on 27 April 2012
Chris Brasher The Man Who Made The London Marathon is the fascinating saga of a man who would not take no for an answer. If all of Brasher's exceptional achievements were listed it would be a chapter not a forward. Pacing Roger Bannister in the four-minute mile, winning an Olympic gold, establishing orienteering and fell running in Britain, mountaineering creating the Brasher boot and becoming a millionaire for the second time, being one of the U.K.'s top sports journalists, head of BBC department and a successful racehorse owner to name just a few- Wow!
John Bryant the author of this engaging authorised biography was a lifelong friend of Brasher and is also a runner of some note- Oxford blue, county champion coached Zola Budd and now president of the world's oldest running club and chairman of the London Marathon trustees. This Fleet Street Man has the lifelong reputation of gentleman journalist, a former editor-in-chief of the Daily Telegraph, Executive Editor of the Mail and Deputy Editor of The Times for more than a decade and established author the expectation for a balanced, insightful and engaging read with the right mix of facts and entertainment is high. Bryant exceeds all expectations and has produced an inspiring book which I genuinely couldn't put down.
I had the good fortune to meet Chris Brasher several times. One time I was running with club members including Bryant along the Thames, Brasher was cycling past and he slowed down to chat and give me encouragement. When I was getting out of breath he cycled on and passed Bryant at great speed and shouted 'keep up'. Bryant has certainly caught the essence of this incredible man whose legacy of the London Marathon and the beautiful areas of countryside he has preserved lives on with as much energy and enthusiasm as he did. I loved this inspiring book and hope you enjoy it as much as I did and that like me you will feel a bit of Brasher has rubbed off.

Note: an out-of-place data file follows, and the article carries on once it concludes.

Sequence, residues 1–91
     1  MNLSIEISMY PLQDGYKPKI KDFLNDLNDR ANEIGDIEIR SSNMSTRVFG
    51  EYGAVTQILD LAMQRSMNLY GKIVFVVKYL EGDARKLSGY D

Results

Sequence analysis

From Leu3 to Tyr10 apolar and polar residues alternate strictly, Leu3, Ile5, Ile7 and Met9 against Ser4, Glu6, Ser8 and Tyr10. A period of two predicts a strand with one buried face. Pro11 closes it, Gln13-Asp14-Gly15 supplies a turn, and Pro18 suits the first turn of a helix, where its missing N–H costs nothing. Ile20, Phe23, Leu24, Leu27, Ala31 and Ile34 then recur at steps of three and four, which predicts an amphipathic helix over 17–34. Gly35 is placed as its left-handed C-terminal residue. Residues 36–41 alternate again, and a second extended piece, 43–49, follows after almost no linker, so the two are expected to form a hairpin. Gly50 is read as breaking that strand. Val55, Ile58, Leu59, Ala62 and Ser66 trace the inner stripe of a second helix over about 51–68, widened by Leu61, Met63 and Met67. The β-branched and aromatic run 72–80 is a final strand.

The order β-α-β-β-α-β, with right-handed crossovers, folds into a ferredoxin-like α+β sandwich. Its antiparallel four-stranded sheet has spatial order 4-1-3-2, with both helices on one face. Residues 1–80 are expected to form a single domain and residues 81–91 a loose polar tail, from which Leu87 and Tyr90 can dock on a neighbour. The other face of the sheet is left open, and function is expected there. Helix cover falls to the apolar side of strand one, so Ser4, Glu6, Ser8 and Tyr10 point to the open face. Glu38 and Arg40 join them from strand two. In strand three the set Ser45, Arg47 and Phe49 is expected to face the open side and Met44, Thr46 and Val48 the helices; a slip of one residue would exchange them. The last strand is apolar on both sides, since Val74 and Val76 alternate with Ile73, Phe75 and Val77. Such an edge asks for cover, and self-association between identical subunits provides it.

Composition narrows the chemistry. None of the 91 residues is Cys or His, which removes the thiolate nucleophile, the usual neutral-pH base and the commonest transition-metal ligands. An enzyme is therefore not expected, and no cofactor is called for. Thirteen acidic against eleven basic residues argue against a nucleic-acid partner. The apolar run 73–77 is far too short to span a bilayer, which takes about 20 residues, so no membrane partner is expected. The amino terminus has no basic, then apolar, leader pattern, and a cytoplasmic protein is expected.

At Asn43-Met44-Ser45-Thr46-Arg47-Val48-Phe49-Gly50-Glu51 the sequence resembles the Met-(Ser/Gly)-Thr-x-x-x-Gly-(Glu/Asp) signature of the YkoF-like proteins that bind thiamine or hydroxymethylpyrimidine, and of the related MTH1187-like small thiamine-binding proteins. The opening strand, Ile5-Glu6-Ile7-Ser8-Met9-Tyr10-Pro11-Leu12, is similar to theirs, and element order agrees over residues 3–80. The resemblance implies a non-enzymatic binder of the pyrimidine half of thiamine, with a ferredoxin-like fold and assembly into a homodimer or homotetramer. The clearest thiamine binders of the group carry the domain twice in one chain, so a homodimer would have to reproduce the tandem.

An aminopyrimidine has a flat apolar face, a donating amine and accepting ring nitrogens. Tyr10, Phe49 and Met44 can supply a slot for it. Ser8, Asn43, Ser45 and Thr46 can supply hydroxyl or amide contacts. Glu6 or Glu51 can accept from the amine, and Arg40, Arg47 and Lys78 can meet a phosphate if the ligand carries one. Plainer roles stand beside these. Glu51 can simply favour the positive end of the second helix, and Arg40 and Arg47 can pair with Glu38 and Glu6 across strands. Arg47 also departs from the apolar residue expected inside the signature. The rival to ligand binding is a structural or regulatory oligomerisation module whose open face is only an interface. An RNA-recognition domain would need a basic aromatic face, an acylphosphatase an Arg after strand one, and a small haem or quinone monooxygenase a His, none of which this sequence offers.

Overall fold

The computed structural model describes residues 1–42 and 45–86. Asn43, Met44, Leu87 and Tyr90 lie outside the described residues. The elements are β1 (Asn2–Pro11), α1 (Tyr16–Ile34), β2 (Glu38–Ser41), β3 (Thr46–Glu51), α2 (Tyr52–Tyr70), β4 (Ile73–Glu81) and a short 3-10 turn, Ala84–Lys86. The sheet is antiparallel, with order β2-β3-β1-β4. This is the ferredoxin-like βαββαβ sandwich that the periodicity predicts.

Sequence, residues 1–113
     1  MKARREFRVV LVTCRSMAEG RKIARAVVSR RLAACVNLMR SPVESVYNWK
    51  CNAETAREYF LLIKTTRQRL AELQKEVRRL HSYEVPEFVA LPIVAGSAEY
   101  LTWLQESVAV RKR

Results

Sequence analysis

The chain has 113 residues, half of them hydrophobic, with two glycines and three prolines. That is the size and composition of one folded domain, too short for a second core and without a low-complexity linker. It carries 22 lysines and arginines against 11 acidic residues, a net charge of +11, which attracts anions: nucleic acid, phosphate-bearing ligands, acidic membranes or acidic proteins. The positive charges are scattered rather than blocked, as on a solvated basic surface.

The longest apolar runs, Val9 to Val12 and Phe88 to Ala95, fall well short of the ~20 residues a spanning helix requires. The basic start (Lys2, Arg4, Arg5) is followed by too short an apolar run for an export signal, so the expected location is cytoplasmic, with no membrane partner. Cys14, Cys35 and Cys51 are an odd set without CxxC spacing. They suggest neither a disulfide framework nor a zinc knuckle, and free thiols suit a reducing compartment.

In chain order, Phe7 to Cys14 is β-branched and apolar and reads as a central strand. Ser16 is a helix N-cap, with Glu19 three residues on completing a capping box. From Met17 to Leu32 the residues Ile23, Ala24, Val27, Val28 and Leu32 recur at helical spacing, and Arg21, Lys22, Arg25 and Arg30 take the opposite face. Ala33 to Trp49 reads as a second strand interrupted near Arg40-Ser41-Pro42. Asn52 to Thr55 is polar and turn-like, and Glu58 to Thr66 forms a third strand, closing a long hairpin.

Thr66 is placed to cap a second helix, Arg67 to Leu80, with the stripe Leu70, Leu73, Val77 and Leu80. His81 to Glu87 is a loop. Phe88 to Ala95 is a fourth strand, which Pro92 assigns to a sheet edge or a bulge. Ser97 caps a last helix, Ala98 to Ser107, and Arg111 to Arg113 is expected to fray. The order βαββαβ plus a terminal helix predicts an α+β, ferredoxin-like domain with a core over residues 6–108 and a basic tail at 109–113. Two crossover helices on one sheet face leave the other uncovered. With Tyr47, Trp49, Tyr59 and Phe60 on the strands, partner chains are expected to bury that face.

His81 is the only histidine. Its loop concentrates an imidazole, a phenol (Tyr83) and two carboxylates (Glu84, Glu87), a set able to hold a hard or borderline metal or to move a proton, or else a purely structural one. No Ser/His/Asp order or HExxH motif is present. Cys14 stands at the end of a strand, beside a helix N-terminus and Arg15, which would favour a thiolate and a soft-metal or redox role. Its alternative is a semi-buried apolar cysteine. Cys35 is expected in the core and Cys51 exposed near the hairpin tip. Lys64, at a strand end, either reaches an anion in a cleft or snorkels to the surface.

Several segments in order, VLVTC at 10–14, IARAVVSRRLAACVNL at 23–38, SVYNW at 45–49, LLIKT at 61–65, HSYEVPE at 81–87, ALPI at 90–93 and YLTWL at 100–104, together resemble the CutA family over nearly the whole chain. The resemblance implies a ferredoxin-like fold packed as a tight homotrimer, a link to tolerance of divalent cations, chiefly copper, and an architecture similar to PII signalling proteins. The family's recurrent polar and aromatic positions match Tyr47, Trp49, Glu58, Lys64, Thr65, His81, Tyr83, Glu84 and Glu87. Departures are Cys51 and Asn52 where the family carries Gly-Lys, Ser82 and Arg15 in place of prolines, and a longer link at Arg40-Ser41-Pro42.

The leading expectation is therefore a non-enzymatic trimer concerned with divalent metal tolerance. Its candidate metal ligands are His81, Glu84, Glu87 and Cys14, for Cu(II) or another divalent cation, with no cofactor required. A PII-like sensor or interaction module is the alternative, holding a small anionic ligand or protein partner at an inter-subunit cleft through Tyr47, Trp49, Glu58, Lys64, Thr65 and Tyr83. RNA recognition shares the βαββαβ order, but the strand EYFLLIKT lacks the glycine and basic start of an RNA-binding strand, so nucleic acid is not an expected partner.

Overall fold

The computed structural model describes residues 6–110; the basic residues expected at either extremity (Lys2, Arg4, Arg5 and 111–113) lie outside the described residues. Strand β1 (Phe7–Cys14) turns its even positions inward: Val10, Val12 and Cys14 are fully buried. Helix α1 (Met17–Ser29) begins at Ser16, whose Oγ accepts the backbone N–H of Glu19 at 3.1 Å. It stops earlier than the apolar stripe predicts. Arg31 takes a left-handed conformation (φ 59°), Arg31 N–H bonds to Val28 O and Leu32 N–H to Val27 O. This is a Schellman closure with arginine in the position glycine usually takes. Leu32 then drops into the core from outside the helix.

on 20 May 2012
John Bryant writes with affection and respect for Chris Brasher in his book, but this does not stop the author from dealing with Brasher as a man, as opposed to legend. The sometimes bloody-mindedness of Chris Brasher's ambitions fed into flaws as well as virtues. But still what remains is a well written portrait of a remarkable man, who devoted his life to athletics yet still succeeded in numerous other spheres.
I have also just read John Bryant's new Lords of the Olympics book, which is an equally excellent mix of history and biography. In many ways Brasher is a man that was able to balance the ethos and enjoyment of athletics with the demands of the increasing commercialisation of sport. It's a shame he isn't around today to steer the Olympic organisation back on course.
on 4 May 2015
One tends to know bits and bobs about the life of Chris Brasher, his role in the breaking of the four minute mile, and the creation and execution of The London Marathon, but there were lots of other aspects to this very full and varied life. The biography was written by a friend who was able to put the other side of this, at times , bombastic and difficult individual. The subject comes out well, as someone who believed passionately in many things, and fought hard to achieve these ideals. I suppose most achievers must have a hard side to achieve whatever it is they want to achive, and Chris Brasher is no different-whether its to win a gold medal, create The London Marathon.or save Petersham Meadows,he attack them with the same determination. Good and interesting read